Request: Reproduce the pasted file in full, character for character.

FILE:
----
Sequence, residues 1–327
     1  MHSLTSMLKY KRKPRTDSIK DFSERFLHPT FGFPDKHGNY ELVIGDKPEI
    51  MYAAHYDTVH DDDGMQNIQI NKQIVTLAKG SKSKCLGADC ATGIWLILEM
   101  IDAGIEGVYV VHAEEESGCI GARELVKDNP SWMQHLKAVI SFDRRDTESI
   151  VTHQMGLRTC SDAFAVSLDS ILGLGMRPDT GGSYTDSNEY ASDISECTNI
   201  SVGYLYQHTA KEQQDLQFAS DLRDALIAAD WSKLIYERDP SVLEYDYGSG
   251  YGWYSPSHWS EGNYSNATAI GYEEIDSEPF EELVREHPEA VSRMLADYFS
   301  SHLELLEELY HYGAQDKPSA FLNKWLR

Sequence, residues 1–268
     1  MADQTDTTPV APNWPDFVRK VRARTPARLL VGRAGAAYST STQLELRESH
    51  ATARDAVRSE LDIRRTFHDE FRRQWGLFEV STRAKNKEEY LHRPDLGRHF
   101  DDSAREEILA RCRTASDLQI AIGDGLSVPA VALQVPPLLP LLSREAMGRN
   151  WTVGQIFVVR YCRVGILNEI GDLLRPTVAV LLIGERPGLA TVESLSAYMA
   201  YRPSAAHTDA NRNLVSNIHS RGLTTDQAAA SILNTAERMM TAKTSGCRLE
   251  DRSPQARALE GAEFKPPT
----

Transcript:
Sequence, residues 1–327
     1  MHSLTSMLKY KRKPRTDSIK DFSERFLHPT FGFPDKHGNY ELVIGDKPEI
    51  MYAAHYDTVH DDDGMQNIQI NKQIVTLAKG SKSKCLGADC ATGIWLILEM
   101  IDAGIEGVYV VHAEEESGCI GARELVKDNP SWMQHLKAVI SFDRRDTESI
   151  VTHQMGLRTC SDAFAVSLDS ILGLGMRPDT GGSYTDSNEY ASDISECTNI
   201  SVGYLYQHTA KEQQDLQFAS DLRDALIAAD WSKLIYERDP SVLEYDYGSG
   251  YGWYSPSHWS EGNYSNATAI GYEEIDSEPF EELVREHPEA VSRMLADYFS
   301  SHLELLEELY HYGAQDKPSA FLNKWLR

Sequence, residues 1–268
     1  MADQTDTTPV APNWPDFVRK VRARTPARLL VGRAGAAYST STQLELRESH
    51  ATARDAVRSE LDIRRTFHDE FRRQWGLFEV STRAKNKEEY LHRPDLGRHF
   101  DDSAREEILA RCRTASDLQI AIGDGLSVPA VALQVPPLLP LLSREAMGRN
   151  WTVGQIFVVR YCRVGILNEI GDLLRPTVAV LLIGERPGLA TVESLSAYMA
   201  YRPSAAHTDA NRNLVSNIHS RGLTTDQAAA SILNTAERMM TAKTSGCRLE
   251  DRSPQARALE GAEFKPPT